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Once you know how to reach your goal, actually getting there is the easy part. In fact, the developers took great care to make sure the platforming never overshadows the puzzling by implementing a very forgiving respawning system. If Gomez dies by falling too great a distance, he will almost always respawn on the exact platform or ledge he jumped from. In this way, dreaded jumping sections are minimally punishing. Add to this the fact that there is no combat – no enemies at all, in fact – and you’ve got a comparatively safe game space that encourages experimentation.

Controlling Gomez is relatively simple and works as fluidly as you’d want, at least on a standard controller – which isn’t surprising, as the game was originally launched as an Xbox 360 exclusive. There’s nothing to it apart from moving left and right, jumping, and occasionally climbing up ladders. Perspectives can be shifted at any point, even in mid-jump. The PC version’s keyboard controls aren’t nearly as intuitive, though you can customize the default settings. Gomez retains his relative position on the screen whenever the environment is turned, so you’ll need to make sure you don’t literally pull the ground out from under him, lest he plunge to his doom. Only in a few rare instances was I sabotaged by, say, Gomez overshooting a jump or winding up behind large objects after turning the screen, and you’ll quickly learn to gauge which gaps he can jump and which ones you’ll need to find more creative ways to bridge.

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An in-game map system provided a little bit of oversight during the copious amount of step retracing I found myself doing. With almost every single location offering multiple branching paths to new areas, each of those with their own secrets and further branching paths, you’ll quickly get lost – even with the map system, which is three-dimensional as well, and thus, by nature, somewhat confusing. Between areas having multiple exits, large and small warp zones scattered about, and other secret passages connecting distant areas, the map system soon becomes invaluable. However, fast travel is not permitted, so making your way to that one room you had to skip ‘cos you just couldn’t figure it out may require quite a bit of backtracking.

The most potentially divisive aspect of the game I’ve saved for last: It’s easy to level the claim – either criticism or compliment, depending on your taste – that Fez is shamelessly attempting to appeal to a certain crowd as a “retro” title by sheer virtue of its 8-bit graphics and chiptune sounds. Surprisingly, this observation is only half right. While its aesthetic does unapologetically hearken back to the 1980s, delving into Fez at some length actually reveals a game that’s past its time – and I say this with all due respect and admiration – in a much more crucial area than graphics or sound.

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For those who really want to get the most out their game, Fez is a title that encourages – no, demands players take out pencil and paper, and get busy jotting down notes, observations, and shapes. This is especially evident in the ‘New Game Plus’ mode, where going after the deviously concealed anticubes for an alternate ending requires not just puzzle-solving, but in-depth code breaking. I have a feeling armchair symbologists will feel right at home, because the denizens of Gomez’s lands have left clues in the form of written runes and symbols behind – an entire alphabet and number system are there for you to sink your teeth into and translate, if you’ve got the stomach for it. And many of the game’s toughest puzzles require that you follow specifically spelled-out directions to a T… though you’ll have to translate them first, letter by letter!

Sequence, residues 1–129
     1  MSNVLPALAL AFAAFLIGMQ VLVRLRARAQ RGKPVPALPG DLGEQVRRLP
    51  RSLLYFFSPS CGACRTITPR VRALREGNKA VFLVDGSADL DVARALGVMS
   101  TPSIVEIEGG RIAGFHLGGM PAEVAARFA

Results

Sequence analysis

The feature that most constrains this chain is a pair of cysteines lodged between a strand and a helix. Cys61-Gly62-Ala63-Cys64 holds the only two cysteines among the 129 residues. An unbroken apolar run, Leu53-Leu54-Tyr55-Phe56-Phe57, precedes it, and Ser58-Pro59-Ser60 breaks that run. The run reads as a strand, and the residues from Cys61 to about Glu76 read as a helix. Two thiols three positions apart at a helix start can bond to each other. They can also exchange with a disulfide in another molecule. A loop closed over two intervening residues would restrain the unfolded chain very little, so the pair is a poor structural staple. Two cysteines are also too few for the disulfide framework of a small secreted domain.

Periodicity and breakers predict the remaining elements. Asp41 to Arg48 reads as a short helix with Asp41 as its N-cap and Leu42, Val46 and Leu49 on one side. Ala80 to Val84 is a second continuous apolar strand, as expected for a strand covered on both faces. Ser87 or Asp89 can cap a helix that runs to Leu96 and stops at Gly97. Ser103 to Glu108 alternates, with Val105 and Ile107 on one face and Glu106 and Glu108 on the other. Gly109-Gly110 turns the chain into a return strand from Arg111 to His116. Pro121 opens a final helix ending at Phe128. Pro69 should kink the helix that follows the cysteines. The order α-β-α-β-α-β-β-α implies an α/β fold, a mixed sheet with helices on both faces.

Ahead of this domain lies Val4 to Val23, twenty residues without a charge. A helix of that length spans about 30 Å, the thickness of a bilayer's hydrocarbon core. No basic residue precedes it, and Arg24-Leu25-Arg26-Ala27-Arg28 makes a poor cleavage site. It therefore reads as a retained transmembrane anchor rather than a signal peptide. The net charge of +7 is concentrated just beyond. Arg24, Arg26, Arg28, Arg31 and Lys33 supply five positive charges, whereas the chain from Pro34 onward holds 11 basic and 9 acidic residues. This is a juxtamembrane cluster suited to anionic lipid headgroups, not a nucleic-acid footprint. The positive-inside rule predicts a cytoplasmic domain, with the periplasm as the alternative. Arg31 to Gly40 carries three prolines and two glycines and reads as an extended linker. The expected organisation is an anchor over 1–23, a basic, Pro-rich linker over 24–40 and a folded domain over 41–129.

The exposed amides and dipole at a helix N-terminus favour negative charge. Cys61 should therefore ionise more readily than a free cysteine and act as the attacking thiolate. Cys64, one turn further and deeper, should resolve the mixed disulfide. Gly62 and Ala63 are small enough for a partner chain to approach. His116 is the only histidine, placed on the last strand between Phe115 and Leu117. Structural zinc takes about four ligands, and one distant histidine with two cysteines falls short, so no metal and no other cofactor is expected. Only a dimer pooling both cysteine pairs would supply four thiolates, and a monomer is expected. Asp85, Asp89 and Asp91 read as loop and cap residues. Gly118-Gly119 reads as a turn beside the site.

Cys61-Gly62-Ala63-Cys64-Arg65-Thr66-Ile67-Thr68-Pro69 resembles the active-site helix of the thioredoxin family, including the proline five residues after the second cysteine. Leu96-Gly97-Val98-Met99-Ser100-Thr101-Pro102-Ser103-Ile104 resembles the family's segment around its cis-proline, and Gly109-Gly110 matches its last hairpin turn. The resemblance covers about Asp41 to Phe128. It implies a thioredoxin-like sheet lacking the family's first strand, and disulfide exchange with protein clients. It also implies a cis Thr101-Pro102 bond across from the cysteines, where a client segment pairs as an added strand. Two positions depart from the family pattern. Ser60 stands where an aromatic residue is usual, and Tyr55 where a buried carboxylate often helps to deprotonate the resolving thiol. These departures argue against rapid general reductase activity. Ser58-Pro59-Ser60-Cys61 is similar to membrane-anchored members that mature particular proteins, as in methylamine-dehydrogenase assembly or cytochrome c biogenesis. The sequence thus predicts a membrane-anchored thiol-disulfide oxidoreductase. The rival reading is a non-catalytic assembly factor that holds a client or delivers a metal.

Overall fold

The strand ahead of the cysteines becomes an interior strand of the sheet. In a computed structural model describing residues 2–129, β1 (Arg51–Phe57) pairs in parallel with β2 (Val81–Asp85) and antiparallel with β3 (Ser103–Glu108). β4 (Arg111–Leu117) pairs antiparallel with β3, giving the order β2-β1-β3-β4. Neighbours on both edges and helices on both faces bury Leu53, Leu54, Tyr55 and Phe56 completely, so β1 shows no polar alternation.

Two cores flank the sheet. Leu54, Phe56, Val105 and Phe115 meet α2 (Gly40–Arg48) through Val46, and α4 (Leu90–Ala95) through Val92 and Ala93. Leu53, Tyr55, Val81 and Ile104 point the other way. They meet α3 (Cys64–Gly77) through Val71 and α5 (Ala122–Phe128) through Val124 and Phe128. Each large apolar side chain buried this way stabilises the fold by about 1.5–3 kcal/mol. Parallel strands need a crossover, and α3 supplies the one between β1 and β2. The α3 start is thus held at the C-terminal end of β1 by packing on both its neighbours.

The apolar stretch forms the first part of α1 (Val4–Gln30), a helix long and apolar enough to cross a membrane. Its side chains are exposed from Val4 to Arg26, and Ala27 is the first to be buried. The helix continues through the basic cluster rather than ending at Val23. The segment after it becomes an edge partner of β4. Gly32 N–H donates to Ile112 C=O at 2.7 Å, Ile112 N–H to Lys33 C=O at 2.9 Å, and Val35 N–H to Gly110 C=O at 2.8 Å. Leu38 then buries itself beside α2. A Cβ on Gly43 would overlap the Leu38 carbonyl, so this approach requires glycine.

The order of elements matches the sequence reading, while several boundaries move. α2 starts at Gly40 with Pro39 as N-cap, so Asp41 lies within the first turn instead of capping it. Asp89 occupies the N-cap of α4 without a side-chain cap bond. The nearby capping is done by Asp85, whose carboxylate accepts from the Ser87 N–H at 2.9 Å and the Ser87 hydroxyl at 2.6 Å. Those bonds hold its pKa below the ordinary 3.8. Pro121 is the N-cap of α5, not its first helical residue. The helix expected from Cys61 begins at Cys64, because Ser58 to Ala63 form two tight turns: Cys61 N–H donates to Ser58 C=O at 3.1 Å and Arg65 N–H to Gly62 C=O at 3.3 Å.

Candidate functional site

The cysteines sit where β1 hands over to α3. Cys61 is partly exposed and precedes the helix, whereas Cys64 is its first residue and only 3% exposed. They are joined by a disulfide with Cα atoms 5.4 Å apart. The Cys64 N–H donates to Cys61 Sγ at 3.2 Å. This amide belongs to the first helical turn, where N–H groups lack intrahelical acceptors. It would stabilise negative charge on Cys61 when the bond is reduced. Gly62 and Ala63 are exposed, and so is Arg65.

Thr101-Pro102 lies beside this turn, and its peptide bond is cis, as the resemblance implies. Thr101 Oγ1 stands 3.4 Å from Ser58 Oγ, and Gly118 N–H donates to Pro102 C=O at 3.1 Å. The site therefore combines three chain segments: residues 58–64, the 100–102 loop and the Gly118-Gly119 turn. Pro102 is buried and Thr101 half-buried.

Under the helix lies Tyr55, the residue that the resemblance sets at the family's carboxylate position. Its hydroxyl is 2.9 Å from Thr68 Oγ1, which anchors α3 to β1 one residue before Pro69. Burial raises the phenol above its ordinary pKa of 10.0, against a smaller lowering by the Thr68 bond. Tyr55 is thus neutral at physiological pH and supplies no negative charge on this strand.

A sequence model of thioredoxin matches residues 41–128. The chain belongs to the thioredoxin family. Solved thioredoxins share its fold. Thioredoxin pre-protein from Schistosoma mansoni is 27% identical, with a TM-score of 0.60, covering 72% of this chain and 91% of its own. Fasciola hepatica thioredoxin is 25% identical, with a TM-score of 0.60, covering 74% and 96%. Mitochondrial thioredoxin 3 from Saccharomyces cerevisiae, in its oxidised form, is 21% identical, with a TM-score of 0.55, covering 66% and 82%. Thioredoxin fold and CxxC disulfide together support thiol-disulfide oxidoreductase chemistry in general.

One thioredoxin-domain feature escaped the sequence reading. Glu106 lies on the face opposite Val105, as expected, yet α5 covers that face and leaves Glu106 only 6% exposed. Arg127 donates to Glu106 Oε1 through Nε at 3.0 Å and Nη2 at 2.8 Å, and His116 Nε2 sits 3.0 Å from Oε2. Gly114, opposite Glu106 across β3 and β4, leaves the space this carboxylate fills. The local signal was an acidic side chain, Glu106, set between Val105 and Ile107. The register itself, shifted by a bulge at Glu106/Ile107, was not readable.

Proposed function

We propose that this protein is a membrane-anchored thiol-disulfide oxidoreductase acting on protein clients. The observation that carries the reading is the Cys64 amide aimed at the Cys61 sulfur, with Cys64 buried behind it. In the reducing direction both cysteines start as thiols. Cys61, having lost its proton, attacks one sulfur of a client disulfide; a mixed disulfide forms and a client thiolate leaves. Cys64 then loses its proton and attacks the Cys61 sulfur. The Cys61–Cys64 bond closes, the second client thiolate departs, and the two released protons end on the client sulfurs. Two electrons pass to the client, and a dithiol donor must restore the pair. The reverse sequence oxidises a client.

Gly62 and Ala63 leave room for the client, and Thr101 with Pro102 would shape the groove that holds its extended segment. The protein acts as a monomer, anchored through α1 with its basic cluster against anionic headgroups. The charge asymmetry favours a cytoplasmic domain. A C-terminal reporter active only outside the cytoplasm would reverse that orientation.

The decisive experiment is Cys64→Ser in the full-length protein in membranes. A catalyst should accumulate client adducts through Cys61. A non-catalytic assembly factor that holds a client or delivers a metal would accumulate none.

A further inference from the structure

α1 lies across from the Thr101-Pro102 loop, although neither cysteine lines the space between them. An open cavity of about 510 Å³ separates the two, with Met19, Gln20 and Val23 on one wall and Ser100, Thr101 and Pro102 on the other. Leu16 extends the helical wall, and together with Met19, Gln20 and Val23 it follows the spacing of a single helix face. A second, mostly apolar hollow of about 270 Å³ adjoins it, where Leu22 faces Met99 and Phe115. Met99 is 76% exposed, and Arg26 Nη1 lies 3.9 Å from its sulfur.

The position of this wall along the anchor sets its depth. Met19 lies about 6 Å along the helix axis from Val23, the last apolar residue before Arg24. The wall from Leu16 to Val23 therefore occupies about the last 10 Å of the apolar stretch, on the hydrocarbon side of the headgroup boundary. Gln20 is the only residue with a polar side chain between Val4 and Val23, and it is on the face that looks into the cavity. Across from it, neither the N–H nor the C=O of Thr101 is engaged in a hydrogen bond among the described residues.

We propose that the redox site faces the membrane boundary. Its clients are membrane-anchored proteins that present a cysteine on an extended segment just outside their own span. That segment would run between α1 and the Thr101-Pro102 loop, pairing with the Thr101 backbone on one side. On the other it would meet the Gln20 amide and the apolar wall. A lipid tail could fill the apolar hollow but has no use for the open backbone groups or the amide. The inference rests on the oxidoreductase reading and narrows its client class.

This is precisely what makes this game a remnant of a bygone, pre-internet era: only the biggest gluttons for punishment will actually attempt to figure out the meaning behind a foreign alphabet for a game. The rest of us will simply hop online and enjoy the fruits of someone else’s labor, making the alternate ending that’s clearly meant only for the most dedicated gamers a breeze for all to see. But it’s nice to see that Fez offers that level of optional challenge for those that want it. At the basic level, it took me around six hours to gather enough cubes to make my way to the end screen of the primary campaign and unlock the ‘New Game Plus’ mode. Doing so grants Gomez one additional secret ability, which can be employed in solving some of the remaining puzzles in a second playthrough.

In the end, Fez is a game that is more than just the sum of its parts. It offers many things we’ve seen before – old-school graphics, a simple yet unique approach to puzzles, obstacles based on thinking and moving as opposed to dexterity challenges or stilted inventory logic – but combines them into a concoction that’s hard to pin down as belonging squarely in one camp over another. I’d prefer to say that it combines the best of several worlds. One thing’s for sure: when all’s said and done, we’re left with not only a very unique puzzler, but one of the most intelligent gaming experiences we’ve seen in a while. So get ready to stretch your gray matter and add a few more wrinkles to your brain!